The Supreme Court has left intact a federal rule that targets mercury pollution—giving the Environmental Protection Agency time to fix legal problems and come out with a revision by April.
Twenty states wanted the court block the rule while the government decided how to account for its costs.
Chief Justice John Roberts turned down their request on Thursday.
The justices ruled last year that the EPA should have considered the costs and benefits before imposing limits on mercury and other air pollutants from coal- and oil-fired power plants.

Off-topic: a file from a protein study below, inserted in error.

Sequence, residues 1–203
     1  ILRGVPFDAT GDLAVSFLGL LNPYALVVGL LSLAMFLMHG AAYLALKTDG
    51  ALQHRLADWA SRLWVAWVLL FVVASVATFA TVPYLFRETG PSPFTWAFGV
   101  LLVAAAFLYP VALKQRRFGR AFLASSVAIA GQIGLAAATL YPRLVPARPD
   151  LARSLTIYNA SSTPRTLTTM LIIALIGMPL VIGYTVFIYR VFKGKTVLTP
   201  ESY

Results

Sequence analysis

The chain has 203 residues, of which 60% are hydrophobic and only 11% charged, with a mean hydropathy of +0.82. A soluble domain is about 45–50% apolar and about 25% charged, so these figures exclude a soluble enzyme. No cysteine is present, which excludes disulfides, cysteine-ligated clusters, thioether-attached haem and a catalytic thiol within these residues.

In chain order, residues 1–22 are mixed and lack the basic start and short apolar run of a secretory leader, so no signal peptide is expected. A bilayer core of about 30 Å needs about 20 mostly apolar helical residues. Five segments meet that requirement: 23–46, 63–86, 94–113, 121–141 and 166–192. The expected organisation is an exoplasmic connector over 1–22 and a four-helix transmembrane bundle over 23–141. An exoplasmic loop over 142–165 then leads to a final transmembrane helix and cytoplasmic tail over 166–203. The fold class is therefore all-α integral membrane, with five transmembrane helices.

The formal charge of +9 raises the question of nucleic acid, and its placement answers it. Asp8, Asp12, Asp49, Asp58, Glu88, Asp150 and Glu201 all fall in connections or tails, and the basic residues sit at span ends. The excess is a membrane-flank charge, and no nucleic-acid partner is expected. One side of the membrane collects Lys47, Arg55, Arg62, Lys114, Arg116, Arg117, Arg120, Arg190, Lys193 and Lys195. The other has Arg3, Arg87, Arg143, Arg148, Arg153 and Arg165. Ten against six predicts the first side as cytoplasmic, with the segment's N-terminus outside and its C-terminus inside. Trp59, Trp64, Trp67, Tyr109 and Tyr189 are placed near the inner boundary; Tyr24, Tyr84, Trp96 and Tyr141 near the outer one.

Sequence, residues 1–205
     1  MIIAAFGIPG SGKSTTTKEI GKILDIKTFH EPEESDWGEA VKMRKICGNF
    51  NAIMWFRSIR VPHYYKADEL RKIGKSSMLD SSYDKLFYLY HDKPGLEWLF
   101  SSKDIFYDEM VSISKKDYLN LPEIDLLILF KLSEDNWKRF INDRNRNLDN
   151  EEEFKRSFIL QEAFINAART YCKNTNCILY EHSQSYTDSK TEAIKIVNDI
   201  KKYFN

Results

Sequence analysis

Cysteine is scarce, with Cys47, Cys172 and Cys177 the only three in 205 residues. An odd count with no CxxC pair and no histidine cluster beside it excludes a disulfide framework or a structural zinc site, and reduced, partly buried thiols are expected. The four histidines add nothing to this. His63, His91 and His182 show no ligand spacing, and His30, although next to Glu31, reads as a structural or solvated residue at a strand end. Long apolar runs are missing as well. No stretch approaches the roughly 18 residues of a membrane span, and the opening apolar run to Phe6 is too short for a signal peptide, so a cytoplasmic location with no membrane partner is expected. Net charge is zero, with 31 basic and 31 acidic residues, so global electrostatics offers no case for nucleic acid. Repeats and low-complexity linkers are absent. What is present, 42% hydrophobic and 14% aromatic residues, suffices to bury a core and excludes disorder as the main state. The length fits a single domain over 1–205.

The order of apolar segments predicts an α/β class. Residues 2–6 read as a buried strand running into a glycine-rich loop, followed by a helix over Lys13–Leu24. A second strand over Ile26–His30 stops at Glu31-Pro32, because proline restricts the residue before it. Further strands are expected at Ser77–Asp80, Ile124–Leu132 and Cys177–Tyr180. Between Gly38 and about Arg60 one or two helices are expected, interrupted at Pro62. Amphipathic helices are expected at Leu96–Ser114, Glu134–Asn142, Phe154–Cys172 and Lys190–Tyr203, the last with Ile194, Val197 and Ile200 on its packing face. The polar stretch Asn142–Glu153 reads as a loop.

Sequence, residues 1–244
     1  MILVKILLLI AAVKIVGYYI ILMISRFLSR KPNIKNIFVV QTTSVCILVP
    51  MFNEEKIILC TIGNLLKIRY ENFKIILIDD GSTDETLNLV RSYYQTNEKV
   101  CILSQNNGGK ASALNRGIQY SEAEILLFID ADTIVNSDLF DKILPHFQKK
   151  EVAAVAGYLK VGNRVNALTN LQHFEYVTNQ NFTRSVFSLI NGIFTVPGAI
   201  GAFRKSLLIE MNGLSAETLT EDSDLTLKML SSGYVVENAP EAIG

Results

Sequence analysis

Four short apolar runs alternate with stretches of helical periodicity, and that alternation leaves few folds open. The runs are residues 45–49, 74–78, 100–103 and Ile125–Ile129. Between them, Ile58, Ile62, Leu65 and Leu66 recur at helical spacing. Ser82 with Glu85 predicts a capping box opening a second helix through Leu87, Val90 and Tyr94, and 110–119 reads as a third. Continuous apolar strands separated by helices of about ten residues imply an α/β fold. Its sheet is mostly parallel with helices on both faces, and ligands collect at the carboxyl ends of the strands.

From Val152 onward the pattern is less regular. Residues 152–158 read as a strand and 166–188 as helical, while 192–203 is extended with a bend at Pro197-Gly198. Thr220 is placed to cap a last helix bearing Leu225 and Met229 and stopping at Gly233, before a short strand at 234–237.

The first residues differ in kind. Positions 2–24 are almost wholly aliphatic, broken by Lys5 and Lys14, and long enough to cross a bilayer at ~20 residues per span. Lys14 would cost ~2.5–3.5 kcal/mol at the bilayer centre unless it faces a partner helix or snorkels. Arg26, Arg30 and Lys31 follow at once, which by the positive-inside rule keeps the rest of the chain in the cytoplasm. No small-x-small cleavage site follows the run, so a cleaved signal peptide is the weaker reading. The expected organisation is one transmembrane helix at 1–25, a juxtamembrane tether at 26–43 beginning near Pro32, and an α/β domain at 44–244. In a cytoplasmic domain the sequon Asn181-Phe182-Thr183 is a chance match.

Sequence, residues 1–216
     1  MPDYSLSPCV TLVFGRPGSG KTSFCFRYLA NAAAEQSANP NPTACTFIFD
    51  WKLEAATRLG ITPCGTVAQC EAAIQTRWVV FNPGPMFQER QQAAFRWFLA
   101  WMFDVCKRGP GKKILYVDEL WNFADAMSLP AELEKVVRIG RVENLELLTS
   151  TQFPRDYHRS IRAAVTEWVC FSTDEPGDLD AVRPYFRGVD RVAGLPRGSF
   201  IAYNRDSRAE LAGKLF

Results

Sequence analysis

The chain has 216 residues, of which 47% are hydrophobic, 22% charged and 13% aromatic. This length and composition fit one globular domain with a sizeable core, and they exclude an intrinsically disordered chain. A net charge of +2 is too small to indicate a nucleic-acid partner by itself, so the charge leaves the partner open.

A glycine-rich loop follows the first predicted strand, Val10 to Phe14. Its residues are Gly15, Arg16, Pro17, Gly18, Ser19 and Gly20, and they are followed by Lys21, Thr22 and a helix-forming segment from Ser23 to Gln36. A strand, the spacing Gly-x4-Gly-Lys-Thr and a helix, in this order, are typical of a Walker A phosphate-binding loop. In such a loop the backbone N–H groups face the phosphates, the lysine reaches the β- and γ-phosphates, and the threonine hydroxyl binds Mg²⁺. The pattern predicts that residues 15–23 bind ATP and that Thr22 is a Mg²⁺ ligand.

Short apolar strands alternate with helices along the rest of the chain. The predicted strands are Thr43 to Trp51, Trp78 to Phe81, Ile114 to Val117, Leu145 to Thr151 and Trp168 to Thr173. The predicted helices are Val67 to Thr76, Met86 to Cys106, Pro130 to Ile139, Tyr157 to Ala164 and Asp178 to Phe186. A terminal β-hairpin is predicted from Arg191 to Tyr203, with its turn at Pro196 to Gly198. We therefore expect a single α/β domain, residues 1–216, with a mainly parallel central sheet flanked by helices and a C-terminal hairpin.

But the justices let the rule stay in effect and sent it back to a federal appeals court to decide how a cost-benefits analysis should be conducted.
The appeals court also has declined to postpone the rule.
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